Helping Children Cope
Many children and parents grieve the loss of their family when a divorce occurs, and children especially miss the presence of both parents and the family life they once had. That’s why it’s common and very natural for some children to hold out hope that their parents will someday get back together even after the finality of divorce has been explained to them. Mourning the loss of a family is normal, but over time both the parent and children will come to accept the new situation. Try to reassure them that it is okay to wish that mom and dad will reunite, but also explain the finality of your decisions.
The Importance of Consistency
Consistency and routine are critical during this major life change. Minimize unpredictable schedules, transitions, or abrupt separations. During a divorce, children will benefit from one-on-one times with each parent. No matter how inconvenient, try to incorporate this weekly as you and your partner figure out visitation schedules. The best thing to do is trust your instincts and rely on what you know about your children. Ask yourself, “Do they seem to be acting differently? Is a child doing things like regressing to younger behaviors, such as thumb-sucking or bedwetting? Do emotions seem to be getting in the way of everyday routines, like school and social life?”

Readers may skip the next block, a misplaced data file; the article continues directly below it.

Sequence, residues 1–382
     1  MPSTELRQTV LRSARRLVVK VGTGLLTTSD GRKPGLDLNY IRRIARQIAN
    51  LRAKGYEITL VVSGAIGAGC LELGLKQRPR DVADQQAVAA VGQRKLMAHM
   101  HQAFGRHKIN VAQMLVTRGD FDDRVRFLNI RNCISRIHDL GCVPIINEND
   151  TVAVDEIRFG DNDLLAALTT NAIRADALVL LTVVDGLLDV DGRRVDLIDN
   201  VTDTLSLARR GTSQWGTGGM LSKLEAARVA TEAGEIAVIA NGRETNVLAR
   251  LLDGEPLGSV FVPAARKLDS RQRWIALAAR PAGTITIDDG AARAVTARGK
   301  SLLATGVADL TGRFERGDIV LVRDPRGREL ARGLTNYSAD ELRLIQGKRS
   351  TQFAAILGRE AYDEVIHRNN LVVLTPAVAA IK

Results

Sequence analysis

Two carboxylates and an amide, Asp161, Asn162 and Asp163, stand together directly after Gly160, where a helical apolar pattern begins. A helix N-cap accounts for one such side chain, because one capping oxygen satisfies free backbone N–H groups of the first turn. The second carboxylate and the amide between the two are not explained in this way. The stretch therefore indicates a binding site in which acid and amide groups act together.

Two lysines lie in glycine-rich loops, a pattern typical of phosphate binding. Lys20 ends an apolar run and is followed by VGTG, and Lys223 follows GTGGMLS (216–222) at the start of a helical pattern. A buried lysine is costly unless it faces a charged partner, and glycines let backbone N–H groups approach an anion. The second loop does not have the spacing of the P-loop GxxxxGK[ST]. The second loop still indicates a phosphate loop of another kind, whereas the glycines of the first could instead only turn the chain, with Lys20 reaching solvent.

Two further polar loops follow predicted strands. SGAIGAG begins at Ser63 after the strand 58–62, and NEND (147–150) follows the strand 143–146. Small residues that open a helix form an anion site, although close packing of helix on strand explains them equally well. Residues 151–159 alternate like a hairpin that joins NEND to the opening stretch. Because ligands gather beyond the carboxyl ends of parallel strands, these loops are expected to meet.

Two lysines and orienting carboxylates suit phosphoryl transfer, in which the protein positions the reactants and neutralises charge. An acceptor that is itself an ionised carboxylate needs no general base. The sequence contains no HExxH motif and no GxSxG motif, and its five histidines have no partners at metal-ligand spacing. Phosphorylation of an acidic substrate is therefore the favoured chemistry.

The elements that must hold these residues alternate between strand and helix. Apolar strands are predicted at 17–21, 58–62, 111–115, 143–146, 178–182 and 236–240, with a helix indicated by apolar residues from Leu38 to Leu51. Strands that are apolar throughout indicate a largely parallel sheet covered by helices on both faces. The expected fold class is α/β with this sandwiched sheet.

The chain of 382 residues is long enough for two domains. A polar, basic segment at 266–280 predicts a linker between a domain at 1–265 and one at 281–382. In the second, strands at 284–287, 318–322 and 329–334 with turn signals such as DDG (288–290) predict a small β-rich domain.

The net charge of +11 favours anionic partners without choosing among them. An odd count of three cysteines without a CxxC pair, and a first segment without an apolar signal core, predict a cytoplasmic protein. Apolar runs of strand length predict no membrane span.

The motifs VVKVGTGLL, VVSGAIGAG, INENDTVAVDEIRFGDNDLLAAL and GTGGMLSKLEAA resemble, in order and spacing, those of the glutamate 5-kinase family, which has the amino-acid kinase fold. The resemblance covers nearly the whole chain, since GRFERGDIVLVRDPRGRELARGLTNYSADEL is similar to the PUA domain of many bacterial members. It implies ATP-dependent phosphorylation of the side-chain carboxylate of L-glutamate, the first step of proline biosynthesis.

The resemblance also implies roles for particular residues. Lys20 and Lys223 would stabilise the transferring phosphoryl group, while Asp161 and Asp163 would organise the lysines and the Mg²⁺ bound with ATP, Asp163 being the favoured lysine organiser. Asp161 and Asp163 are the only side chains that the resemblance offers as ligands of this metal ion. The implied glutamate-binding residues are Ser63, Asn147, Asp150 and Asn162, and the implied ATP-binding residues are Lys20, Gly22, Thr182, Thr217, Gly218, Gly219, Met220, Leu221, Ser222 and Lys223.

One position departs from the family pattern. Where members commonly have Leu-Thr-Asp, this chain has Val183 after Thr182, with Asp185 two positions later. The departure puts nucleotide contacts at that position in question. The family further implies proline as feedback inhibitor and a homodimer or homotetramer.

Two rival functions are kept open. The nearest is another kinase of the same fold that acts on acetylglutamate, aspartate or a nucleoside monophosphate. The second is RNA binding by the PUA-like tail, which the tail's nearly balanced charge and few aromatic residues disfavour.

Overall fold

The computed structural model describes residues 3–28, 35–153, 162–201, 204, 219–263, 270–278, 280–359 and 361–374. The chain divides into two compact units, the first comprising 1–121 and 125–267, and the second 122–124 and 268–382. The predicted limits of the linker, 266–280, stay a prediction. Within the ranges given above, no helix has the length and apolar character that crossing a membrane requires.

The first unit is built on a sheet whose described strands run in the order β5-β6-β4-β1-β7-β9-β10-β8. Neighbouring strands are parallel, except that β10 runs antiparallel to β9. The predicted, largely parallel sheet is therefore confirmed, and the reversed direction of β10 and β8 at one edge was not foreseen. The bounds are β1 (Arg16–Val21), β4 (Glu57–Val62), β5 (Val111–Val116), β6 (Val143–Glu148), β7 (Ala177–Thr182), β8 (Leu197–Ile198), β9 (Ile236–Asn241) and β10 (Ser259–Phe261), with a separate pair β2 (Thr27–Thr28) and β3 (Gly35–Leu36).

Behavioral changes are important to watch out for and any new or changing signs of moodiness; sadness; anxiety; school problems; or difficulties with friends, appetite, and sleep can be signs of a problem. Older children and teens may be vulnerable to risky behaviors. Many turn to alcohol and drug use, skipping school, and other defiant acts to help relieve some of the stressor that are related to parent divorce. Regardless of whether such troubles are related to the divorce, they are serious problems that affect a teen’s well-being and indicate the need for outside help.
Answer Their Questions
Finally, be prepared to address their questions because they are going to have plenty. They just may not be ready to ask you right away. However, some of the most common concerns children have include “Where will they live? With whom? How will this affect school? What do they say to my friends?” Again, these are all normal questions and it’s okay to discuss them in full detail, even if you have the answer them more than once.
Changes of any kind are hard but know that you and your children can and will adjust to this one. Finding your inner strength and getting help to learn new coping skills are hard work but they can make a big difference to helping your family through this challenging time. Most importantly, adults going through separation and divorce need support. Utilizing friends, professionals, clergy, and family are fine. Do not seek support from your children, even if they seem to want you to.
Ehmka, R., (2021). Supporting kids during a divorce. https://childmind.org/article/supporting-kids-during-a-divorce.
Lyness, D., PhD. (2015). Helping your child through a divorce. https://kidshealth.org/en/parent/help-child-divorce.html.